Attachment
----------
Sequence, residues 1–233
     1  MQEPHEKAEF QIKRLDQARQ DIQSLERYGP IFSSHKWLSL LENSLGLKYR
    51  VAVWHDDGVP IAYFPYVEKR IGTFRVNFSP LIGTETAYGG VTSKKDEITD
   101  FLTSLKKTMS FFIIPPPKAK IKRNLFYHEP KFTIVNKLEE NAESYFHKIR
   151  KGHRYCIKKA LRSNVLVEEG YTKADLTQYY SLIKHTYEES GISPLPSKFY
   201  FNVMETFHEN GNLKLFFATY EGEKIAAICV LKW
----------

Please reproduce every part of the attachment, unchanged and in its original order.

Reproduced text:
Sequence, residues 1–233
     1  MQEPHEKAEF QIKRLDQARQ DIQSLERYGP IFSSHKWLSL LENSLGLKYR
    51  VAVWHDDGVP IAYFPYVEKR IGTFRVNFSP LIGTETAYGG VTSKKDEITD
   101  FLTSLKKTMS FFIIPPPKAK IKRNLFYHEP KFTIVNKLEE NAESYFHKIR
   151  KGHRYCIKKA LRSNVLVEEG YTKADLTQYY SLIKHTYEES GISPLPSKFY
   201  FNVMETFHEN GNLKLFFATY EGEKIAAICV LKW